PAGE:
We all took the opportunity of having a run in the ‘T’ during the practice sessions on Wednesday and Rex took his BSA out for a run. All was going great. Thursday was the first day of timing and I went out for a spin just to get a feel for the track and saw just how much dust we were all going to be covered in.



Rex was out for another run on his bike and he was flying. I was worried that this was not tar racing. Next thing we knew, there was more dust and he was off. There was no ambulance in attendance but there were plenty of medics and nurses in attendance who were rushed out to check on him.

Kevin was eventually taken out to check on him and found the bike was in a very sad state. The Crank had given way which had spat him off and both he and the bike had done somersaults and landed very hard. We picked up the bike and Rex was taken to hospital to be checked over. They didn’t find anything broken or damaged but he was still quite bruised and shaken but OK.

The next day, the racing continued, which was not quite racing but a ‘re-enactment’ of the original race event. This was so there were not so many CAMS regulations to adhere to. The timing from Friday was to give handicap times for the events on the weekend. The model T was one of the slower cars, so got off earlier. In one respect, this was a good thing as it meant there was less dust to go through. The car kept going better and better which made Grandpa really happy.

The atmosphere was great and the dust and heat was phenomenal. Everyone was coated and there were some pretty eccentric hair colours which reminded me a bit of Trump on a bad hair day. When we finally left and had a wash, it was amazing, the amount of red dust washing off in the shower.

When the weekend was over, it felt like a bit of a letdown, especially for me as I had to fly home and return to work. Also, for the others, as they still had the 3500km to drive and Rex was still not feeling strong enough to sit in the car for hours and hours.

After months of no rain and Grandpa still driving our ute across the country, the only option for me to get to work was on the BMW. Damn. So with wet weather gear and catching the train I managed to survive the week and was pleasantly surprised to see him home on Saturday evening.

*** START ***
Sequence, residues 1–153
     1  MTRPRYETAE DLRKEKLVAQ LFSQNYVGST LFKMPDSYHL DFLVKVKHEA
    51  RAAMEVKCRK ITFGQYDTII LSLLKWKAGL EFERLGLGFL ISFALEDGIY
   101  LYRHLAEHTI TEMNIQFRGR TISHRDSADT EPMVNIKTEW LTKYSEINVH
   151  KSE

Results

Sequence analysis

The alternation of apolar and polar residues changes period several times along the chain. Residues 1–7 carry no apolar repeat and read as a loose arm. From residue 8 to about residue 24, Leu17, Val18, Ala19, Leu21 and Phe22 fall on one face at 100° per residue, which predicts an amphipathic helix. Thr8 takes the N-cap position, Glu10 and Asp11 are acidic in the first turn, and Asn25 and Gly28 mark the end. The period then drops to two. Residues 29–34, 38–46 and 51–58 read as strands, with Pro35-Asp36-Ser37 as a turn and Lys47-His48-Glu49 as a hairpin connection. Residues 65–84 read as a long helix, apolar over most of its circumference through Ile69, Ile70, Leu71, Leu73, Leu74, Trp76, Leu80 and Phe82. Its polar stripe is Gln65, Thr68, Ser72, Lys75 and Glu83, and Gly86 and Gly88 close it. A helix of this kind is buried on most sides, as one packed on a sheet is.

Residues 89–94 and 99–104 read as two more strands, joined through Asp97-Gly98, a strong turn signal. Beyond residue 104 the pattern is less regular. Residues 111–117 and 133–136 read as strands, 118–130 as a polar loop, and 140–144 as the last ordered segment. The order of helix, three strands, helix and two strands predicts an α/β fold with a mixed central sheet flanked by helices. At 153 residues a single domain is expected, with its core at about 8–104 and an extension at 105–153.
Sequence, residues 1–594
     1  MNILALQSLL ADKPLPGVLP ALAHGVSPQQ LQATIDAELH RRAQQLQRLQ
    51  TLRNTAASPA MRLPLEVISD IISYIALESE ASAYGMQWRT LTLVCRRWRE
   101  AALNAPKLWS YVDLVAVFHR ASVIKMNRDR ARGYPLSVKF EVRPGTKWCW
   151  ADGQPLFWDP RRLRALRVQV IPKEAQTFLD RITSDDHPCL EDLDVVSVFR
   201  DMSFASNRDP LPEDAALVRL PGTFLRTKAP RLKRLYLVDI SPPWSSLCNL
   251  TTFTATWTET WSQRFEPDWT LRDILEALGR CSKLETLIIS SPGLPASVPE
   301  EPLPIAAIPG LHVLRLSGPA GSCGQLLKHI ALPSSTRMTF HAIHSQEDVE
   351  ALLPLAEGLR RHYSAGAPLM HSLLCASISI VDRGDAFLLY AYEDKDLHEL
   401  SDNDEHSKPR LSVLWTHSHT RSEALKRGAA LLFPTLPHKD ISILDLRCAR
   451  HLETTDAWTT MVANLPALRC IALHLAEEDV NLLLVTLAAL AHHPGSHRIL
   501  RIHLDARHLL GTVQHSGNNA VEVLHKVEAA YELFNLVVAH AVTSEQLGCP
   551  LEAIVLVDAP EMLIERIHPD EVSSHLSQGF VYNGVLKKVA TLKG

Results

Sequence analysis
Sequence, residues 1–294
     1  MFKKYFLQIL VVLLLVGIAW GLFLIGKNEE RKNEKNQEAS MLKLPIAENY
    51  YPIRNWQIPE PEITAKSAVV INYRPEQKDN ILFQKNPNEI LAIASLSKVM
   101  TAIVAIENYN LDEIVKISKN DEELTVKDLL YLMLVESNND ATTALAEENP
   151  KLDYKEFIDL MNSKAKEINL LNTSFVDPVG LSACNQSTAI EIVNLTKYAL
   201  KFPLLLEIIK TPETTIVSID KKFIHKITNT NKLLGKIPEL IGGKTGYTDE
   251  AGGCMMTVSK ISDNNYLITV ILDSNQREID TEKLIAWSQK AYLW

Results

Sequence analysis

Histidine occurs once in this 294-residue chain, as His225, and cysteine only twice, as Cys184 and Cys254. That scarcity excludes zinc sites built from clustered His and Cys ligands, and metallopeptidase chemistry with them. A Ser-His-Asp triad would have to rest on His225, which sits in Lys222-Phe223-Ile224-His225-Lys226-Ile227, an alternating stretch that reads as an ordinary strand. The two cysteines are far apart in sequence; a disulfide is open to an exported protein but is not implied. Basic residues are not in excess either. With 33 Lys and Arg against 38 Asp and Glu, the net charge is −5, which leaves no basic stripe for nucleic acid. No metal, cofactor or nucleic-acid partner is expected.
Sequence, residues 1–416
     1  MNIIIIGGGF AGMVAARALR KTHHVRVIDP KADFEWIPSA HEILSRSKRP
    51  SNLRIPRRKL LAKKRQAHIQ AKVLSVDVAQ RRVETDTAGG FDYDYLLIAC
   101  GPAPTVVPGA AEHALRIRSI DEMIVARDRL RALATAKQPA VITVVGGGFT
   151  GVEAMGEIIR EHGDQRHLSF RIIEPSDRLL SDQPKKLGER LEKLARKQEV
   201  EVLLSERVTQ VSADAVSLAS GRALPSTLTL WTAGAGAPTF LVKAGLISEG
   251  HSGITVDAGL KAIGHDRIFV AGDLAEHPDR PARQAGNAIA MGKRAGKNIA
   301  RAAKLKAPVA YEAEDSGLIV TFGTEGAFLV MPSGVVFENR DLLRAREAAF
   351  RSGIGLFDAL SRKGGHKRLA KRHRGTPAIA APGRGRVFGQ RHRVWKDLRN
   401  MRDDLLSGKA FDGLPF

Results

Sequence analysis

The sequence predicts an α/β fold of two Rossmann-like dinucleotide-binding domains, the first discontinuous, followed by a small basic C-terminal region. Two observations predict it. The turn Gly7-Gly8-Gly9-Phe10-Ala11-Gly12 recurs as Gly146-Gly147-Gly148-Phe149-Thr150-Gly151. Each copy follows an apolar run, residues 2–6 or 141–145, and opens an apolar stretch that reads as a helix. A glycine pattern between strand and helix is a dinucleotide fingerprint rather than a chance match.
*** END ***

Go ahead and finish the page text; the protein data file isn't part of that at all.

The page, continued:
With this major episode out of the way, we can now look forward to our next momentous life changing event. That is the next story….

President’s Run

Grandpa doesn’t have a real job, he gets paid to play with vintage cars all day. These are real vintage, pre-1930, or preferably pre-1918. His boss has plenty of cars in his collection, so we got to spend the weekend driving around the countryside in a 1915 Studebaker. Because it is his job, he is the one they all call on when something doesn’t work, so he spent Friday afternoon trying to diagnose problems in someone’s old car.

Saturday was a much better day and all the cars made it through the run. It was a glorious late winters’ day and Grandpa and I finally got to spend a whole day together. We all met to begin the run nice and early in the morning and after a bit of pushing and fiddling, all the cars, bar one, were off. At our morning tea stop we were joined by a 1912 Baker Electric car which was having a trial run. The battery setup looked very 21st century but the body was definitely early 20th century. It managed to do about 30kms before needing a recharge which was pretty impressive.

There were other cars from the very pretty to the downright daggy, as well as drivers young and old.

There was another run to get to our lunch stop at a farm and after lunch, there were games for the cars and drivers. It wasn’t really long enough to work up an appetite for high tea but we managed anyway.

At the end of the day, the owner says, just go out by the back gate and through the paddock! I didn’t know how some of the car owners would react to that because they can be a bit precious about dust. Not to mention opening 5 gates and crossing a dam but it was actually rather beautiful and peaceful and even kangaroos munching on the crops.

We admired some remnant Cumberland Plain woodland and were sad that the land has been sold and will be covered in houses in the not too distant future.